PEI

Learning to read and write having 'huge impact' on P.E.I. man's life

Brandon Solomon used to struggle with literacy, but says he's read more in the past year than he had in the previous 32 years of his life combined.

'You're ready when you're ready, I guess, and that's where I'm at right now'

Brandon Solomon, with his tutor Jill Lightwood, accepts the PGI Learner Achievement Award at Belvedere Golf Course in Charlottetown on Friday. (Matt Rainnie/CBC)

When Brandon Solomon was asked to write an essay in a Grade 11 science class, he couldn't do it.

He decided to leave school and says for years he struggled to read and write. After working and helping raise a family, he decided it was time to improve those skills.

Not being able to read is pretty traumatizing when you're growing up.— Brandon Solomon

So he went to the P.E.I. Literacy Alliance for help, and this year he received the Learner Achievement Award at the Peter Gzowski Invitational Golf Tournament at the Belvedere Golf Course in Charlottetown.

"It's pretty overwhelming," he said on CBC Radio's Mainstreet P.E.I.

'Wasn't confident enough'

It's a long way from that "scary" moment in Grade 11 when he was asked to write an essay and read it in front of the class.

Solomon says he tried to keep his reading difficulties 'hush.' (Matt Rainnie/CBC)

"I wasn't confident enough to be able to do that," he said.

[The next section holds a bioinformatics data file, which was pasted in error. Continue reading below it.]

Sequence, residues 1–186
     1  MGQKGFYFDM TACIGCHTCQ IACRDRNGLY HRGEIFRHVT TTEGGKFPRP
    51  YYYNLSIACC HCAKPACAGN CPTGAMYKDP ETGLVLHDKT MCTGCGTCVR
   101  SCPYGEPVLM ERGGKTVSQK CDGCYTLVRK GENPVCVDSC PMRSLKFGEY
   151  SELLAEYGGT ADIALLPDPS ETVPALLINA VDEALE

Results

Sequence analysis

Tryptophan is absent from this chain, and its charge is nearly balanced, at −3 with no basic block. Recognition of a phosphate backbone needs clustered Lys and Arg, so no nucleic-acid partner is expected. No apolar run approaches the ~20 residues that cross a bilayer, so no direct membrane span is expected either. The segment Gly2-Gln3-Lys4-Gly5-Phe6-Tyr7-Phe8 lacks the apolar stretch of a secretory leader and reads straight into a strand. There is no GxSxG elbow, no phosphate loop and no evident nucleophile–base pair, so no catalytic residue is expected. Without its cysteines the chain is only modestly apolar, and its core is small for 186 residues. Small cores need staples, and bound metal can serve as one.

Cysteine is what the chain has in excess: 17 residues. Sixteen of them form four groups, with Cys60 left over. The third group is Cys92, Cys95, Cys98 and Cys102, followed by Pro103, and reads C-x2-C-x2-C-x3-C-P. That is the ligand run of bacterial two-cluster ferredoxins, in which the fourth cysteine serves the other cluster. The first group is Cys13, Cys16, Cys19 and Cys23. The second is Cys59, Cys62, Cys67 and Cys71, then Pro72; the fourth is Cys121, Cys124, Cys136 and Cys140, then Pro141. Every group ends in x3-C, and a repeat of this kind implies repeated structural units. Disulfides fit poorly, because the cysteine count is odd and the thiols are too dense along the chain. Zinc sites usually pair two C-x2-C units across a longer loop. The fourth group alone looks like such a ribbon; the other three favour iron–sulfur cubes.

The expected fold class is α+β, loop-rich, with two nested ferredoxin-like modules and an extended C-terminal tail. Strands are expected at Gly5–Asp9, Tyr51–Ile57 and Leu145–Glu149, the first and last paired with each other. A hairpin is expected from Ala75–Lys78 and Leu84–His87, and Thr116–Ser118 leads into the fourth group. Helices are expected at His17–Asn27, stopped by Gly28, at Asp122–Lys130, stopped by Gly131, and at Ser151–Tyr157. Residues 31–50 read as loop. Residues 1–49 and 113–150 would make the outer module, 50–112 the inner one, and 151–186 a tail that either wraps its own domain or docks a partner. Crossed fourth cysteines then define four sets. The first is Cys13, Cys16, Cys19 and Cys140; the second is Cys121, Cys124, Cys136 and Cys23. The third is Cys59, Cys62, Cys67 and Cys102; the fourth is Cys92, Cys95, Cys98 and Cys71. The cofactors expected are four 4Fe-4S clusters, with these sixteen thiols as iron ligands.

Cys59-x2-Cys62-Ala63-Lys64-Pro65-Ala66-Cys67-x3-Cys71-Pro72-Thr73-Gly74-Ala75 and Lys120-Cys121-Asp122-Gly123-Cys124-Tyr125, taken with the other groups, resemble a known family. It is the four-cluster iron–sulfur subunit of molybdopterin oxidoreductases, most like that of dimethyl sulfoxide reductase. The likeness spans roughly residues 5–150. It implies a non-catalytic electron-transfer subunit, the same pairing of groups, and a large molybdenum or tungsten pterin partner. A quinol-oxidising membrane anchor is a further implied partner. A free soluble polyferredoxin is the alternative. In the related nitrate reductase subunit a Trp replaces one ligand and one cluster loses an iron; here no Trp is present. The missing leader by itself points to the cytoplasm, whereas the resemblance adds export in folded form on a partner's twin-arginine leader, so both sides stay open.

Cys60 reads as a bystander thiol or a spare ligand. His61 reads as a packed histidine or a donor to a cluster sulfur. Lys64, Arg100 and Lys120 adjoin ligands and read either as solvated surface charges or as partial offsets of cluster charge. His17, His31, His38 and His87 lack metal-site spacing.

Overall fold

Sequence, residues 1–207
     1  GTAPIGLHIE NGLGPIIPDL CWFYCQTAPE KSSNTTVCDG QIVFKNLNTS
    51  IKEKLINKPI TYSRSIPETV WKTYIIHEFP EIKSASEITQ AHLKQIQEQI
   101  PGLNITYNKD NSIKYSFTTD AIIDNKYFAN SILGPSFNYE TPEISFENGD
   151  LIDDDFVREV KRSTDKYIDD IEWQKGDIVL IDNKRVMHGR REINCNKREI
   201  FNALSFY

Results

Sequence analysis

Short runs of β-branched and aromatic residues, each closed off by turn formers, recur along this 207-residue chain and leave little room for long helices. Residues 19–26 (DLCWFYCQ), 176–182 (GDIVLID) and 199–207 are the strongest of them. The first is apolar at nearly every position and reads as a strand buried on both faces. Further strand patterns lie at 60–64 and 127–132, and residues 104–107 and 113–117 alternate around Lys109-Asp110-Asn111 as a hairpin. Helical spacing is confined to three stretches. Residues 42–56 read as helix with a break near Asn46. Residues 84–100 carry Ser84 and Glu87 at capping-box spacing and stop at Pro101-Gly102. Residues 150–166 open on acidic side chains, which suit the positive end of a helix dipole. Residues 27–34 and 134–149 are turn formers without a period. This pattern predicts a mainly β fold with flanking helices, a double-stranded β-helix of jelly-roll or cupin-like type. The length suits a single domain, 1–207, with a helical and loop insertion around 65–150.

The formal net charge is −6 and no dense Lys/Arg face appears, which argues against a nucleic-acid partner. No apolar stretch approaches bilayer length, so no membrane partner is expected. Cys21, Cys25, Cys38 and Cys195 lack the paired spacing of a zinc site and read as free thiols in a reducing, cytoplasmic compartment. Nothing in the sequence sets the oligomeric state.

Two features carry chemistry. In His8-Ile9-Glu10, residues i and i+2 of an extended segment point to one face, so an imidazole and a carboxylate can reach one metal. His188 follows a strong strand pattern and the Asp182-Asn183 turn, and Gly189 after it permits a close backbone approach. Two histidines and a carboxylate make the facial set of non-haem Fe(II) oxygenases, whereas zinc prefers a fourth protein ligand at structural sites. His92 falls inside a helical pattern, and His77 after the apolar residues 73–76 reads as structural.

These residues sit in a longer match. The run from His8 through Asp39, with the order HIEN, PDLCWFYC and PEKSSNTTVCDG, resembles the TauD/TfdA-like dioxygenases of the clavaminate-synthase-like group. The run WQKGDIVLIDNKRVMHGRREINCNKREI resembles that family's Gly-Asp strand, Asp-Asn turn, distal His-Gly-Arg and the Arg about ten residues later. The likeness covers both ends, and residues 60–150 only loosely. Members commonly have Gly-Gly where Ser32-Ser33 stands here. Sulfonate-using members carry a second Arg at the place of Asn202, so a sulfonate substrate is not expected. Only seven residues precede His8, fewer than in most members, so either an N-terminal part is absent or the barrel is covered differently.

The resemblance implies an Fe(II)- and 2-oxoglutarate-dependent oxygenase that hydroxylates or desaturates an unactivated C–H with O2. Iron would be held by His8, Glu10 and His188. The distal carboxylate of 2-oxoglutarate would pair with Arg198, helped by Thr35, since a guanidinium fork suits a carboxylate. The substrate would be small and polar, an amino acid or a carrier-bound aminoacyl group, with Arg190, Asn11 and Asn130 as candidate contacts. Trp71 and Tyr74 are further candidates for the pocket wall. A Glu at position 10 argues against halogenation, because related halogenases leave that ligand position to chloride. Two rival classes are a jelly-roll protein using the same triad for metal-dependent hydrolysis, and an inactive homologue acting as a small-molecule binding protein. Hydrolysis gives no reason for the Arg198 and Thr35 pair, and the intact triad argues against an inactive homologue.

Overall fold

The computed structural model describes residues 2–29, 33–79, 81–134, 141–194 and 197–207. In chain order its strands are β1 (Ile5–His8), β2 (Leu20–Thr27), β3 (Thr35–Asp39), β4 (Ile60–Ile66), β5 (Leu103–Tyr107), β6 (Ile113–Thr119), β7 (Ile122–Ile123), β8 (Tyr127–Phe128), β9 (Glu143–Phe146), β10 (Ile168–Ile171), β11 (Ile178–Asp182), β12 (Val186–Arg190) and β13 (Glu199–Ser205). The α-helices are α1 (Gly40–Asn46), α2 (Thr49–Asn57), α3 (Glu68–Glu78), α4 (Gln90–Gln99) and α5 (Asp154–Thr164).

Solomon said he somehow made it to Grade 11 despite poor literacy skills.

"I remember a teacher telling me that as long as you show up for class we'll give you a passing mark," he said. "So if that's not a good enough idea of how the schooling was for an Aboriginal student like me, you basically use the tools that you have."

Solomon, who grew up in New Brunswick, and now lives in Point Prim with his partner and children, said he doesn't remember being read to as a child.

But he said he's read more books and magazines in the past year than he had in the previous 32 years of his life combined.

"This is a huge impact on my life. It's a good feeling. You can never feel bad about that, that's for sure," he said.

'Do the best I can'

"You're ready when you're ready, I guess, and that's where I'm at right now. I'm ready to just want to read more and progress through this program even better."

He said his next goal is to get a GED.

"I want to be able to accomplish that for me, for my kids, I just want to do the best I can," he said.

"Everybody has a weakness and they struggle with it every day and not being able to read is pretty traumatizing when you're growing up. You don't want anybody to know that and you're trying to keep it hush, but you just go do it, what's good for you and your family. And I find this is good for me."

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With files from CBC Radio: Mainstreet P.E.I.

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